Braddock was also the site of Andrew Carnegie’s first steel mill, which was built in 1875 and still operates today,The mill is located on the banks of the Monongahela River east of Pittsburgh. On July 9, 1755, in the Battle of the Monogahela, French and Indian forces from Fort Duquesne defeated the expedition of British General Edward Braddock, who was mortally wounded in the fighting. Braddock’s Field also was the site of a rally of rebellious militiamen and farmers during the Whiskey Rebellion, prior to a massive march on the town of Pittsburgh on August 1, 1794. The site on the banks of the Monongahela provides cost-effective river transportation of coke, iron and finished steel products. On January 1, 1873, ground work began on the Edgar Thomson Steel Works. On August 22, 1875, the Edgar Thomson Steel Works’ hulking Bessemer converter produced its first heat of liquid steel, destined to become 2,000 steel rails for the Pennsylvania Railroad. The mill was capable of producing 225 tons of steel rails per day.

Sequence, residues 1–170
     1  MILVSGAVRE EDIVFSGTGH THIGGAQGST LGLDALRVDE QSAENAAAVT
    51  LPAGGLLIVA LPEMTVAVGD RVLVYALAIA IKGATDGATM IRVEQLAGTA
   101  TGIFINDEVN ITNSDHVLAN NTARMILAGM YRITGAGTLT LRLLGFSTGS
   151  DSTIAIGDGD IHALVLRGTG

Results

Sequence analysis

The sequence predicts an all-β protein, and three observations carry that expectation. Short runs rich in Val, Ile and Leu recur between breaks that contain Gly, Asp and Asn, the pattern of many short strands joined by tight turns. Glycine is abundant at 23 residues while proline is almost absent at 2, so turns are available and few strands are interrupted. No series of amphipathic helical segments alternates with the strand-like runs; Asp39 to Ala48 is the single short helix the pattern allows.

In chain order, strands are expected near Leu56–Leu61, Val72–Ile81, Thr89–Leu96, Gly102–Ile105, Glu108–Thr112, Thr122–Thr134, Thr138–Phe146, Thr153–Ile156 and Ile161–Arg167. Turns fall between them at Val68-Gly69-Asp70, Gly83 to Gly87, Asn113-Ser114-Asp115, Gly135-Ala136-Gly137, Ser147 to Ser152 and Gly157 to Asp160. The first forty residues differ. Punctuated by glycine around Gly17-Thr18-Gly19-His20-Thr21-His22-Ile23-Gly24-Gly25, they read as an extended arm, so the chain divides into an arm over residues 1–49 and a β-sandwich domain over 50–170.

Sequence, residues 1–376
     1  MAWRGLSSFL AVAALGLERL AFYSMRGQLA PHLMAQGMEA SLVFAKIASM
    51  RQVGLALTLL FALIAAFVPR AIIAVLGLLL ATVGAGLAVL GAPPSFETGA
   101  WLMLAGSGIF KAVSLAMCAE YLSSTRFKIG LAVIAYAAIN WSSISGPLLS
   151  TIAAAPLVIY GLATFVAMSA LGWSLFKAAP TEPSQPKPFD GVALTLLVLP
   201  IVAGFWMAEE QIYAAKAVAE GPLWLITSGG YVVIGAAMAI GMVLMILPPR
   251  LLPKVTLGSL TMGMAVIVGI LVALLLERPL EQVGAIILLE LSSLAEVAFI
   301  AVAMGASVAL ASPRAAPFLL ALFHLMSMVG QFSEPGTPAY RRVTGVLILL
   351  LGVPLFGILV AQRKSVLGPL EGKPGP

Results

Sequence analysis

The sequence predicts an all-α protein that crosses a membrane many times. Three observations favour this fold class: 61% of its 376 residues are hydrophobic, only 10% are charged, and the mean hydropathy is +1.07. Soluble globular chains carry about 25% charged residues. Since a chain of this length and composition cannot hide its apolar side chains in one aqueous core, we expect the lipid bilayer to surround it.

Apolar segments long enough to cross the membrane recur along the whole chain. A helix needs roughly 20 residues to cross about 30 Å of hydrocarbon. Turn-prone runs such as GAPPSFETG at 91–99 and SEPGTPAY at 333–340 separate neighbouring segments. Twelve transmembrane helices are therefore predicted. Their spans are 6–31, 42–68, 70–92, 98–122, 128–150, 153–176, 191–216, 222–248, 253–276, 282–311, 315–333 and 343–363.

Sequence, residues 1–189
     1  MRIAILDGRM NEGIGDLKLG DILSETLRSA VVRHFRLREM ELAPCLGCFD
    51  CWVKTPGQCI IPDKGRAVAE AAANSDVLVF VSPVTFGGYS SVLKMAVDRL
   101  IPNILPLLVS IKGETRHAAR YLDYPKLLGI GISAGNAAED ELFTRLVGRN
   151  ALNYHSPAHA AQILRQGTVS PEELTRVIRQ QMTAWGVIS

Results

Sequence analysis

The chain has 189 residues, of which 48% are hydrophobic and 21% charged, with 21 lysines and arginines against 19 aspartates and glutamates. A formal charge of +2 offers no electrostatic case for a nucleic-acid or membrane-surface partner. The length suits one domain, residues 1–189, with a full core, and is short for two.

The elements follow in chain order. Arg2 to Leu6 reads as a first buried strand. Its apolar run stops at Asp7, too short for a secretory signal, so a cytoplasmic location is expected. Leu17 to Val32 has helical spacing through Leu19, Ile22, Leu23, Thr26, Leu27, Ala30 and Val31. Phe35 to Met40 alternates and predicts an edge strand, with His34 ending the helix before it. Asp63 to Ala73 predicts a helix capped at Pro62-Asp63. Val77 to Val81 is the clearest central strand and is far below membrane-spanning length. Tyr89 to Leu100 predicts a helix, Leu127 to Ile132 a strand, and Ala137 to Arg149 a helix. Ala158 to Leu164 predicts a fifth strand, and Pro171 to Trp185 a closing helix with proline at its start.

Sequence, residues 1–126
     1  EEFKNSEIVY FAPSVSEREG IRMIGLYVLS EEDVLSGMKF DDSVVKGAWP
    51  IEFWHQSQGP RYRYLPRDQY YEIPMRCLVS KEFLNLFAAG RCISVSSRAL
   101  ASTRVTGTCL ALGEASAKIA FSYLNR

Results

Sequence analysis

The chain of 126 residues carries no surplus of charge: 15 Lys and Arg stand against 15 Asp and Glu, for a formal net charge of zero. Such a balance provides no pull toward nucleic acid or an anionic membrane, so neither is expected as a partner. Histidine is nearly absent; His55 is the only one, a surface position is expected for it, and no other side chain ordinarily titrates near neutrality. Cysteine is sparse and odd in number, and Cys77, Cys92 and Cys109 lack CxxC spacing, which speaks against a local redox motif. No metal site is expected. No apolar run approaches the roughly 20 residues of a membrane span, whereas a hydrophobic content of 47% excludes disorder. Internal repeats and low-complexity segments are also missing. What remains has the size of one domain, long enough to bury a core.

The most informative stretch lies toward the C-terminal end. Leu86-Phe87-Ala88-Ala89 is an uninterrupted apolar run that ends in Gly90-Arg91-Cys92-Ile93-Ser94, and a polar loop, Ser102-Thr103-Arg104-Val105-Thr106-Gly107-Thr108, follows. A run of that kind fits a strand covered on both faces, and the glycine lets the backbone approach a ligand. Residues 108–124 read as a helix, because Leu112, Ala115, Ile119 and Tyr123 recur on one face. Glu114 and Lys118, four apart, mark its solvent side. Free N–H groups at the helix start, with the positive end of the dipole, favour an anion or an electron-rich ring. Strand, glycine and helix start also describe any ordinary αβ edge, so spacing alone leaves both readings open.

Today, two blast furnaces (Furnaces No. 1 and No. 3) continue in operation at the Edgar Thomson Steel Works, which remains part of U.S. Steel. In 2005, the mill produced 2.8 million tons of steel, equal to 28% of U.S. Steel’s domestic production. The mill employs about 900 persons, some of whom belong to the second or third generations of their families to work in the mill. Among improvements to its physical plant is a $250 million continuous caster, which converts liquid steel directly into slabs, installed in 1992. In April 1995, the mill was designated a historic landmark by ASM International, a society that honors works of structural engineering. Other structures honored by the society are the Statue of Liberty and the Eiffel Tower.